How to access the task manager and end task on an application

The Windows Task Manager is a powerful tool packed with useful information, from your system’s overall resource usage to detailed statistics about each process. This guide explains every feature and technical term in the Task Manager.

Bạn đang xem: How to access the task manager and end task on an application

This article focuses on Windows 10’s Task Manager, although much of this also applies to Windows 7. Microsoft has dramatically improved the Task Manager since the release of Windows 7.

How khổng lồ Launch the Task Manager


Windows offers many ways khổng lồ launch the Task Manager. Press Ctrl+Shift+Esc lớn open the Task Manager with a keyboard shortcut or right-cliông xã the Windows taskbar and select “Task Manager.”

You can also press Ctrl+Alt+Delete và then cliông chồng “Task Manager” on the screen that appears or find the Task Manager shortcut in your Start menu.

The Simple View


The first time you launch the Task Manager, you’ll see a small, simple window. This window lists the visible applications running on your desktop, excluding background applications. You can select an application here and cliông xã “End Task” to lớn cchiến bại it. This is useful if an application isn’t responding—in other words, if it’s frozen—and you can’t cthua thảm it the usual way.

You can also right-clichồng an application in this window khổng lồ access more options:

Switch To: Switch to the application’s window, bringing it to the front of your desktop & putting it in focus. This is useful if you’re not sure which window is associated with which application.End Task: End the process. This works the same as the “End Task” button.Run New Task: Open the Create New Task window, where you can specify a program, folder, document, or website address và Windows will open it.Always On Top: Make the Task Manager window itself “always on top” of other windows on your desktop, letting you see it at all times.xuất hiện File Location: mở cửa a File Explorer window showing the location of the program’s .exe file.Search Online: Perkhung a Bing tìm kiếm for the program’s application name and tệp tin name. This will help you see exactly what the program is & what it does.Properties: mở cửa the Properties window for the program’s .exe cộ file. Here you can tweak compatibility options and see the program’s version number, for example.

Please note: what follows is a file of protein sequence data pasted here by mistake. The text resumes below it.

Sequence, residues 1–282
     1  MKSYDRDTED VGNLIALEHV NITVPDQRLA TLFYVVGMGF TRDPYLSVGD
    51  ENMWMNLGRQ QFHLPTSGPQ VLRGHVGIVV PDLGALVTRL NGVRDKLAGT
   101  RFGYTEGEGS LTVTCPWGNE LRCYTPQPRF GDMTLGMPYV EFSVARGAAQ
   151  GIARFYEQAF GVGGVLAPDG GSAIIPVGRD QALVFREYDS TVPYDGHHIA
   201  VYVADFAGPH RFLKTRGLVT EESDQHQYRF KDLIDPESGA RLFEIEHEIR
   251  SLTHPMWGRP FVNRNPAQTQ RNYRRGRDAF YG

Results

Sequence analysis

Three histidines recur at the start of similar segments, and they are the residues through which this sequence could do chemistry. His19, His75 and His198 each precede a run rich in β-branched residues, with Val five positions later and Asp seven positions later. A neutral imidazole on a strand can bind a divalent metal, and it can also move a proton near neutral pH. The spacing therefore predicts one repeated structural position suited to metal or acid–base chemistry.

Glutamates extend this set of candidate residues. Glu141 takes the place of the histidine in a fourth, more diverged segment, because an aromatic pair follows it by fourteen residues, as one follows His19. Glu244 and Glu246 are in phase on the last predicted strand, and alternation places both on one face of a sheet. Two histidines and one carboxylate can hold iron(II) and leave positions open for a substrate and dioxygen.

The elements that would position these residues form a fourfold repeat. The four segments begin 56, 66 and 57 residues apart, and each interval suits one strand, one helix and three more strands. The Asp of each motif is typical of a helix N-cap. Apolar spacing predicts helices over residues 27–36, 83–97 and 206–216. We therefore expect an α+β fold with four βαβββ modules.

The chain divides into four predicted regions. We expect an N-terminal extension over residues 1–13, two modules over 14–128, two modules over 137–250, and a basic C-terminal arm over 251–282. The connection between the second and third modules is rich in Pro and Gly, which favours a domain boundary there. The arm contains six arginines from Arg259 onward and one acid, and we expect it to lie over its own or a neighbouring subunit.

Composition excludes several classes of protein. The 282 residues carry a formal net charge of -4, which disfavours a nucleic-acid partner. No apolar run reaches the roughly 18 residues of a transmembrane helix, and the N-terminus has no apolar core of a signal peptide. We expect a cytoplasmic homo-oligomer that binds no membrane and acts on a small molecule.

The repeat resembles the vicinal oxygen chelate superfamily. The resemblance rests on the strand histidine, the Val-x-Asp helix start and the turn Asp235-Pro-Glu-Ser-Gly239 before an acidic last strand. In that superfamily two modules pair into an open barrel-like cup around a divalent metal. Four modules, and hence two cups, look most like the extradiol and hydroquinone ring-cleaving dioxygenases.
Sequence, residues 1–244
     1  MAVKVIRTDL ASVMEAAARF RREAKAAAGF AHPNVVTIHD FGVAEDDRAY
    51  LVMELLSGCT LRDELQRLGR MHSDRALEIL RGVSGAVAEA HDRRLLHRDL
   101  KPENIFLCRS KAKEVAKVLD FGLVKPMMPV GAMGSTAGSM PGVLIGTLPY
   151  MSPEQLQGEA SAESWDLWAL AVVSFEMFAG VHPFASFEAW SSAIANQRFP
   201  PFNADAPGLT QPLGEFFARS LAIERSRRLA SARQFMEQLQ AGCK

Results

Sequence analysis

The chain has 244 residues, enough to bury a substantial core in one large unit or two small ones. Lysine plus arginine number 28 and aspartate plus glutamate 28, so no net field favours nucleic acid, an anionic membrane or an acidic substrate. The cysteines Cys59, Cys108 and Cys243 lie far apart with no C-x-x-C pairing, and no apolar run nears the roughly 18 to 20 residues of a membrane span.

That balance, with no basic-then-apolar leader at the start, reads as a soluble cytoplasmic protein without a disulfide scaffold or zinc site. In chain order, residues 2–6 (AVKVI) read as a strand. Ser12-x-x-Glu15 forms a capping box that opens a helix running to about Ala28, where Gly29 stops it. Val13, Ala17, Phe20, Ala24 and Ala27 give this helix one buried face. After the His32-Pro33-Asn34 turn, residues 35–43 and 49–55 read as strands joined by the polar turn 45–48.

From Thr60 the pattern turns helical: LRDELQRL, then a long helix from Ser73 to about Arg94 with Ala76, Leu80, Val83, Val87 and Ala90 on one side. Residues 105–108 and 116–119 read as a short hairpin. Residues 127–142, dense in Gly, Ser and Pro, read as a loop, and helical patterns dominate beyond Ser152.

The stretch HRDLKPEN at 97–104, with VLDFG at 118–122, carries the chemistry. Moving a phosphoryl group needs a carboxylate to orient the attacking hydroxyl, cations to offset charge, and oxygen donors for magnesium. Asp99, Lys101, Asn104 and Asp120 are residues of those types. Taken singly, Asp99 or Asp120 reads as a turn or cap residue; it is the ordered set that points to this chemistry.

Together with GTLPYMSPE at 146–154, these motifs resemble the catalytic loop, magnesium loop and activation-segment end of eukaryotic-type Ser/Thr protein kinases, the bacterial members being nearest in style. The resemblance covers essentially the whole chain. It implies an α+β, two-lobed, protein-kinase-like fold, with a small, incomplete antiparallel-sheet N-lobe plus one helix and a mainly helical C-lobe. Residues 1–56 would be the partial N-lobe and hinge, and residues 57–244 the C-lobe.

While the Task Manager is open, you’ll see a Task Manager icon in your notification area. This shows you how much CPU (central processing unit) resources are currently in use on your system, and you can mouse over it khổng lồ see memory, disk, và network usage. It’s an easy way to lớn keep tabs on your computer’s CPU usage.

To see the system tray inhỏ without the Task Manager appearing on your taskbar, click Options > Hide When Minimized in the full Task Manager interface & minimize the Task Manager window.

The Task Manager’s Tabs Explained


To see the Task Manager’s more advanced tools, click “More Details” at the bottom of the simple view window. You’ll see the full, tabbed interface appear. The Task Manager will rethành viên your preference & will open to lớn the more advanced view in the future. If you want khổng lồ get back to lớn the simple view, click “Fewer Details.”

With More Details selected, the Task Manager includes the following tabs:

Processes: A danh mục of running applications và background processes on your system along with CPU, memory, disk, network, GPU, and other resource usage information.Startup: A các mục of your startup programs, which are the applications Windows automatically starts when you sign into your user tài khoản. You can disable startup programs from here, although you can also bởi that from Settings > Apps > Startup.Users: The user accounts currently signed inkhổng lồ your PC, how much resources they’re using, and what applications they’re running.Details: More detailed information about the processes running on your system. This is basically the traditional “Processes” tab from the Task Manager on Windows 7.Services: Management of system services. This is the same information you’ll find in services.msc, the Services management console.